The state of Philippine cinema in 2017

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If there is one film that managed to do the unexpected and earn more than what is expected of it given its roster of leads who have never been known to rake in profits, it is Sigrid Bernardo’s “Kita Kita” starring Alessandra de Rossi and Empoy. Screencap from SPRING FILMS

Manila (CNN Philippines Life) — If there is anything that 2017 has proven, it isn’t that Philippine cinema is dead or dying. It is that Philippine cinema is deprived.

It all starts way before January, even way before last year’s Metro Manila Film Festival (MMFF) that saw Filipinos flocking to movie theaters that offered them more than just the average Christmas fare, even way before a documentary about domestic helpers working abroad, a hybrid animated film about lovers struggling to survive monstrous Manila, and an earnest romantic comedy that had untested teen stars at the forefront were selected over perennial mainstays like the various sequels to “Mano Po” and “Enteng Kabisote.”

It all started when Erik Matti cried foul over the disqualification of his “Honor Thy Father” for major awards during the Metro Manila Film Festival the year before. It was a cry that prompted senate inquiries, forced the usually stubborn Metro Manila Development Authority — the government agency that heads the metropolis’ traffic for most of the year and sees it fit to change hats around December time to busy itself with cinematic entertainment — to tweak its procedures by allowing a new festival committee headlined by trailblazers Moira Lang and Ed Cabagnot to simply select entries not from a pile of hurriedly drafted scripts, story treatments, or casting sheets, but from actual finished films.

To cut the long story short, movies that were expecting a slot at the annual film festival were suddenly displaced for movies that never thought they’d had a chance at a commercial screening.

Backed by industry muscle, the displaced films eventually got their theatrical screenings either before or after the festival. The question of whether those screenings made any profit for them is a different matter altogether.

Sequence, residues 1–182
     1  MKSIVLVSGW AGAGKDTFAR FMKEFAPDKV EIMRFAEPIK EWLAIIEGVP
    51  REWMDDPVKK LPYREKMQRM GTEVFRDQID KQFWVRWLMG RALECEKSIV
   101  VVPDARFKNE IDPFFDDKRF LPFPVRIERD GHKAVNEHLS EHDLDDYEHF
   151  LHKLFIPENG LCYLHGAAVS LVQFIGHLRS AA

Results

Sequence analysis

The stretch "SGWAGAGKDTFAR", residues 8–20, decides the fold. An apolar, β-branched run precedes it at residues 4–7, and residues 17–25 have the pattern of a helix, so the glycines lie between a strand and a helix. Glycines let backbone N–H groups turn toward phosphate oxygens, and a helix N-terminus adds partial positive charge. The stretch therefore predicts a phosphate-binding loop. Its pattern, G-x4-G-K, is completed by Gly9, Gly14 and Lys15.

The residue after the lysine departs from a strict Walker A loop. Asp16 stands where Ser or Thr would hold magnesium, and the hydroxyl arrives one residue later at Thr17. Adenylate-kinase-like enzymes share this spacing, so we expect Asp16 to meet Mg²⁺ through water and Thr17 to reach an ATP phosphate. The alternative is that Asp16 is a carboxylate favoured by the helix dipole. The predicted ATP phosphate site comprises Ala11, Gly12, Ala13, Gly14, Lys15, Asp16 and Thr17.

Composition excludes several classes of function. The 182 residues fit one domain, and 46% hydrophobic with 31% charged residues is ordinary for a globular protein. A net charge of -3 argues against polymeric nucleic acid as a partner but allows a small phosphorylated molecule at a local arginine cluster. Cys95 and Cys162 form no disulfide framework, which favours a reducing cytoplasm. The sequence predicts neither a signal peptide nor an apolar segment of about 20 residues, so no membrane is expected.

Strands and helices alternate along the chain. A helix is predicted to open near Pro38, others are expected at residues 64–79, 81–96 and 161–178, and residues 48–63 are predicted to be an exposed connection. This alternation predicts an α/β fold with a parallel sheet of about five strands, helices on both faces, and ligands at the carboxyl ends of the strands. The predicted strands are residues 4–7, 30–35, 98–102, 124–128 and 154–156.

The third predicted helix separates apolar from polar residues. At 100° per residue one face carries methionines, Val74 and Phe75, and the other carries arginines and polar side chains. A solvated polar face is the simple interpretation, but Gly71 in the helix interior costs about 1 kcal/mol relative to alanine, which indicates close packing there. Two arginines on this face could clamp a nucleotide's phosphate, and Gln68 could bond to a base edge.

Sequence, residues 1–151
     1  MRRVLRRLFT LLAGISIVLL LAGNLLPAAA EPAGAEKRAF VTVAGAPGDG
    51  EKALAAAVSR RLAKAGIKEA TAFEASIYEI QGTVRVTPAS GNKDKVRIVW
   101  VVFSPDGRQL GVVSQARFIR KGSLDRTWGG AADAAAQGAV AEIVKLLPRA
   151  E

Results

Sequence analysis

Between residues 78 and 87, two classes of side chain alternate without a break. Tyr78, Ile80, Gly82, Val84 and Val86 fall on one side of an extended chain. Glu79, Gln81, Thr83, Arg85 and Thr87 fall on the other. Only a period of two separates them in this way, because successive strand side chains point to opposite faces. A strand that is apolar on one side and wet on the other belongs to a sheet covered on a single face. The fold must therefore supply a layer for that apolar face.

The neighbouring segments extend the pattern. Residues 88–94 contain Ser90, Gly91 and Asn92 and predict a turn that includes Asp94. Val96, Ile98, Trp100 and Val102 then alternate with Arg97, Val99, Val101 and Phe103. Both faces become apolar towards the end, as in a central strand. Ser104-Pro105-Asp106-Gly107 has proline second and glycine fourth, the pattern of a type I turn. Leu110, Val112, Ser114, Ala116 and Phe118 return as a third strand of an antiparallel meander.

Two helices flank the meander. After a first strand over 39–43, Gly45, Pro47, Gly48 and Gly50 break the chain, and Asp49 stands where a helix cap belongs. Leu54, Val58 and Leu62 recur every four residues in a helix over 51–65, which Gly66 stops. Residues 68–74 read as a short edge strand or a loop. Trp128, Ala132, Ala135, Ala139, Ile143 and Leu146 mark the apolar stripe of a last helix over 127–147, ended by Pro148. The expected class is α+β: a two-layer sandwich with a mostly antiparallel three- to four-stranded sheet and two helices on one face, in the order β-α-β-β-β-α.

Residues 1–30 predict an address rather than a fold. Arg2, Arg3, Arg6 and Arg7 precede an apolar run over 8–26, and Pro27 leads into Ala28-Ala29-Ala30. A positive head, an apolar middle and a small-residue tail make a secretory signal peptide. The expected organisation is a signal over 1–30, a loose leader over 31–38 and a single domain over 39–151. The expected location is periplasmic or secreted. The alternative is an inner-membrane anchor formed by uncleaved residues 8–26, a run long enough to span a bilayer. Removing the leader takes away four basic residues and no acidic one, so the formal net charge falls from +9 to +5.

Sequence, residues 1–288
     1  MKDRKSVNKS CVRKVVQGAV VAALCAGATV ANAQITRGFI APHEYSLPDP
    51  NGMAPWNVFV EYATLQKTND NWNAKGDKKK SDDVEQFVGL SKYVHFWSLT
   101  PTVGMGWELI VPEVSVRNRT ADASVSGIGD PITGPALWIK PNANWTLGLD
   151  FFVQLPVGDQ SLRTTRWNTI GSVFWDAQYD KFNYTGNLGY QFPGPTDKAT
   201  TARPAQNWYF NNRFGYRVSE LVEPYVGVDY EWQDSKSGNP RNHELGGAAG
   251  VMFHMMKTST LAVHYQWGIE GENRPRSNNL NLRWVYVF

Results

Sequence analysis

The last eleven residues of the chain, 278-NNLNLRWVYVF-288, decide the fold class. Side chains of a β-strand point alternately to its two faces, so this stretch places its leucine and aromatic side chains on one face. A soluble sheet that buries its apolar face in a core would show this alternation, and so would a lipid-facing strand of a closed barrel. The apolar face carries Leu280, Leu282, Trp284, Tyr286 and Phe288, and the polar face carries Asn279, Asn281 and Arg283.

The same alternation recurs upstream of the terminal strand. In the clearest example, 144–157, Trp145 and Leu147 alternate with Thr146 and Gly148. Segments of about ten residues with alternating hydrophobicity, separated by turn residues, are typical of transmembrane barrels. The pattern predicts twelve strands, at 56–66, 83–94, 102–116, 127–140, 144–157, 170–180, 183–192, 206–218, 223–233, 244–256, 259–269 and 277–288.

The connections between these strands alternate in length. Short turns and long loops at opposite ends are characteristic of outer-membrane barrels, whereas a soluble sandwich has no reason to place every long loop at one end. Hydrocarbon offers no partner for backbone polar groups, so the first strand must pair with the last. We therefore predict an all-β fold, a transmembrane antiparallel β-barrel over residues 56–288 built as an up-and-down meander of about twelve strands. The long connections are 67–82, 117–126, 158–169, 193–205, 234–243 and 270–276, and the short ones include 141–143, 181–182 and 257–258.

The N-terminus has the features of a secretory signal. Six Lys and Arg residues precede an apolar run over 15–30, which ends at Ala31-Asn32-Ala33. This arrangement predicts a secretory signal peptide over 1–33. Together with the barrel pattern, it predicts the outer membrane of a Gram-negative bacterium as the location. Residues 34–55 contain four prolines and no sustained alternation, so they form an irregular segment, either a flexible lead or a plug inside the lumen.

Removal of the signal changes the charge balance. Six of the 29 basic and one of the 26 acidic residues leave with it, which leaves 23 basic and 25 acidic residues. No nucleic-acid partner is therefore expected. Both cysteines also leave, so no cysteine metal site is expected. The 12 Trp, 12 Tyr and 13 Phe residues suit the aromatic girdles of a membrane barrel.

GB Sampedro’s “Mang Kepweng Returns,” an effects-laden but mostly leaden comedy-fantasy starring Vhong Navarro as the titular classic character, screened as soon as the festival ended. MMFF also-rans soon followed, like Gil Portes’ “Moonlight Over Baler,” Ed Lejano’s “Swipe,” and Joven Tan’s “Tatlong Bibe,” all of which are at best intriguing failures and at worst, just pointless fodder. Perhaps the most significant of the films that barely made it to the film fest and had to find a playdate in the early months of 2017 is Baby Nebrida’sAcross the Crescent Moon.”

There are a lot of films that have been made in 2017. The only problem is that the venues are lacking, either because they have been gobbled up by Hollywood or because certain powers are actively preventing these films from being shown commercially.

Don’t get me wrong, the significance of Nebrida’s film is by no means positive. The film, about a soldier who gets embroiled in various missions in Mindanao, is atrociously conceived and exploitative of the Mindanao crisis all for the filmmakers’ intention of kowtowing to Duterte and his divisive leadership methods. “Across the Crescent Moon” is actually but one of the many films that are fueled predominantly by a need to impress the present administration.

A lot of these films like Dinkydoo Clarion’s “DAD: Durugin ang Droga” and Carlo J. Caparas’ “Kamandag ng Droga” focus on the drug war, essentially painting the crisis as black and white as possible, often picturing its characters either as pitiful victims or monstrous perpetrators instead of complex human beings. Others like “Across the Crescent Room” and Enzo Williams’ “AWOL” concentrate on the administration’s war efforts. What binds all of the films together is their unabashed disdain for human life.